How Is Crohn's Disease Diagnosed?
A variety of diagnostic procedures and lab tests are used to distinguish Crohn's disease from other inflammatory gastrointestinal conditions like ulcerative colitis.
First, your doctor will review your medical history. A specialist called a gastroenterologist may perform a colonoscopy or sigmoidoscopy to obtain bowel tissue for analysis. Other tests your health care provider may order include:
- Blood tests, including blood counts (often high white blood cell counts -- a sign of inflammation -- and low red blood cells counts -- a sign of anemia from blood loss -- are present).
Stool samples to rule out infections as the cause of diarrhea.
Special X-rays (such as a CT scan or MRI) of both the upper and lower gastrointestinal tract may be ordered as well to confirm the location of the inflammation.
What Triggers a Worsening of Crohn's Disease?
Crohn's disease is characterized by periods of having symptoms, which can last for days, weeks or months, interspersed with periods of remission when no symptoms are present. Remissions can last days, weeks, or even years.
Factors that worsen Crohn's disease include:
- Infections (including the common cold)
- Cigarette smoking
- Certain anti-inflammatory drugs (such as aspirin and ibuprofen)
How Is Crohn's Disease Treated?
Though treatments cannot cure Crohn's disease, they can help most people lead normal lives.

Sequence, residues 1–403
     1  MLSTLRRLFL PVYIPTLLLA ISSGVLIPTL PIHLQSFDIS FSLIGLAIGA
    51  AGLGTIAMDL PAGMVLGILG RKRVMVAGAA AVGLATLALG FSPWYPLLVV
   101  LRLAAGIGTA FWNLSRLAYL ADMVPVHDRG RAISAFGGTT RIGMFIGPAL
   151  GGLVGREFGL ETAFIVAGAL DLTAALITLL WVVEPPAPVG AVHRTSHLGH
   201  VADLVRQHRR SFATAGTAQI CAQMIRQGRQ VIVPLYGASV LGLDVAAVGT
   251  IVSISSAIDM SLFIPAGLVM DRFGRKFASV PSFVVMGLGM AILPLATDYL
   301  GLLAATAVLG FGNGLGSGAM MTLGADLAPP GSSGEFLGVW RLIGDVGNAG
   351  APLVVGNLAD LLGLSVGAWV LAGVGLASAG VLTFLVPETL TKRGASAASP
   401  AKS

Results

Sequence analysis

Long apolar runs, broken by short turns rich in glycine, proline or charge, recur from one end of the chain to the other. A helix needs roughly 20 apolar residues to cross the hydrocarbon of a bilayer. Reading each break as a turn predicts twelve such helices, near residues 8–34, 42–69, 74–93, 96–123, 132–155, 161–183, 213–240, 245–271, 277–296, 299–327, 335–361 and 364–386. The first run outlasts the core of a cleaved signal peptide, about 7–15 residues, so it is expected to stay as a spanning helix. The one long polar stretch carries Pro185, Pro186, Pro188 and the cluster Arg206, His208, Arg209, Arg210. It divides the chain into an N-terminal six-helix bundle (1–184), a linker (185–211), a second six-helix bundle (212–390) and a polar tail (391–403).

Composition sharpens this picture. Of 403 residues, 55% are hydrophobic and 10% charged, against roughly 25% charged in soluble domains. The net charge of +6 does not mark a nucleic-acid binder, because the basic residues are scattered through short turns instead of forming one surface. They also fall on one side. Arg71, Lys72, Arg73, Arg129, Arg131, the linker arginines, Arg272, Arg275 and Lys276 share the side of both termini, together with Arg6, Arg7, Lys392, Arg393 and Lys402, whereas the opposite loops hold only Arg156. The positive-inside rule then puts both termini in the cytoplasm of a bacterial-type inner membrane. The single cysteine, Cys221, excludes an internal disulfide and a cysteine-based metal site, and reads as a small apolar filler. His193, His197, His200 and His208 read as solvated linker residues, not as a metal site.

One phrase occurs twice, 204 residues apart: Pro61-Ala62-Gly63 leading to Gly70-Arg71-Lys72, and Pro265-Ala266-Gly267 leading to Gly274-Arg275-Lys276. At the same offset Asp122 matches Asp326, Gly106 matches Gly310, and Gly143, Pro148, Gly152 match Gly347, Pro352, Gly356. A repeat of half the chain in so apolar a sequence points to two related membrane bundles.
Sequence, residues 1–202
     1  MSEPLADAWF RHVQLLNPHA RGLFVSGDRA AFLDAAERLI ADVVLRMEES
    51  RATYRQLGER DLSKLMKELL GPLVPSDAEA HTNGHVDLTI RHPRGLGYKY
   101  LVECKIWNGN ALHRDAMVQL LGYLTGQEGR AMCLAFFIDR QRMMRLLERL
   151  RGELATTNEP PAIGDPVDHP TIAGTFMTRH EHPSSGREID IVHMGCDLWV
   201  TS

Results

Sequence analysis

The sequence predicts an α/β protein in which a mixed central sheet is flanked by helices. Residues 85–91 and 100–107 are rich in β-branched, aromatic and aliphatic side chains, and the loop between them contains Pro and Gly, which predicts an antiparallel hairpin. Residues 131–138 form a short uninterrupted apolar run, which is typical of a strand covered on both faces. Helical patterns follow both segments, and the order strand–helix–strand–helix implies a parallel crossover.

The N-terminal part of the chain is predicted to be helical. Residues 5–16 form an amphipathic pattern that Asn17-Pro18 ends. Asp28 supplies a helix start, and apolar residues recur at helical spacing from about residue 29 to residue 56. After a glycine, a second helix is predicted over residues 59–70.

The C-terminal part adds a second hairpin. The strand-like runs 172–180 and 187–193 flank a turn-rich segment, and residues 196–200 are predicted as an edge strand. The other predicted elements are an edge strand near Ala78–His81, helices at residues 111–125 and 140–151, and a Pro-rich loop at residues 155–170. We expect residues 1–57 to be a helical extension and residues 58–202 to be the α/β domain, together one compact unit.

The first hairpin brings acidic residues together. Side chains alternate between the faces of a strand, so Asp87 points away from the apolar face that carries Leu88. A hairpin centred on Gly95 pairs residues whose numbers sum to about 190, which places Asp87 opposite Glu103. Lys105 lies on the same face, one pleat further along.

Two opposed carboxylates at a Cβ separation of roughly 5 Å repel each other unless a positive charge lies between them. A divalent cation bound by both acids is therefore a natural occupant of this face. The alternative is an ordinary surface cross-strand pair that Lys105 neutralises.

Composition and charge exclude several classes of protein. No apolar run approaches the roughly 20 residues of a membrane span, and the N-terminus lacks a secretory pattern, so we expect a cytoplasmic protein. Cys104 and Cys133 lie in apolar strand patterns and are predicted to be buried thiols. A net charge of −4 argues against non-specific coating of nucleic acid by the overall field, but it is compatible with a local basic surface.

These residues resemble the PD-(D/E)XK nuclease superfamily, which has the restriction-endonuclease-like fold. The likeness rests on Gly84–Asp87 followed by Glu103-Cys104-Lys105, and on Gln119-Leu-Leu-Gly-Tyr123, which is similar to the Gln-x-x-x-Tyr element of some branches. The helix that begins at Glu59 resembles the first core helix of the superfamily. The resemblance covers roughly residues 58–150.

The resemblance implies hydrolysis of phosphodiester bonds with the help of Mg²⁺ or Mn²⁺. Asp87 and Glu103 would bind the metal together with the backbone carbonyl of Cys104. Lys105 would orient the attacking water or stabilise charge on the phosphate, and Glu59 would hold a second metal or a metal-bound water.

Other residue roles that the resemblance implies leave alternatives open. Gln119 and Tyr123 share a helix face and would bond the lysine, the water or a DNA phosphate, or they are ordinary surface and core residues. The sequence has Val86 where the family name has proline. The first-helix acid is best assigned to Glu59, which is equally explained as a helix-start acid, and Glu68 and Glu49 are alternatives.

Crohn's disease is treated primarily with medications, including:
- Anti-inflammatory drugs, such as salicylates. Examples include Azulfidine (sulfasalazine), Dipentum (olsalazine), and Pentasa (mesalamine). Side effects include gastrointestinal upset, headache, nausea, diarrhea, or rash.
- Corticosteroids, a more powerful type of anti-inflammatory drug. Examples include prednisone or Solu-Medrol (methylprednisolone), and Entocort (budesonide). Side effects, if taken for long periods of time, can be severe and may include bone thinning, muscle loss, skin problems, and increased risk of infection. Entocort has fewer side effects.
- Immune system modifiers such as Imuran (azathioprine)or Rheumatrex (methotrexate). It can take up to six months for these drugs to work. These drugs are associated with increased risk of infections that can be life-threatening.
- Antibiotics such as Flagyl (metronidazole), Cipro (ciprofloxacin), and others. Flagyl can cause a metallic taste in the mouth, nausea, and tingling or numbness of the hands and feet. Cipro can cause nausea and has been associated with rupture of the Achilles tendon.
- Antidiarrheal drugs.
- Biologic therapies, such as Cimzia (certolizumab pegol), Humira (adalimumab), and Remicade (infliximab). Remicade neutralizes the activity of a substance called tumor necrosis factor alpha (TNF-alpha). This substance is overproduced by people with Crohn's and plays an important role in causing the inflammation associated with Crohn's disease. The drug is given intravenously (through the vein). Side effects include life-threatening infection, infusion reaction, headache, stomach upset, fatigue, fever, pain, dizziness, rash, and itching.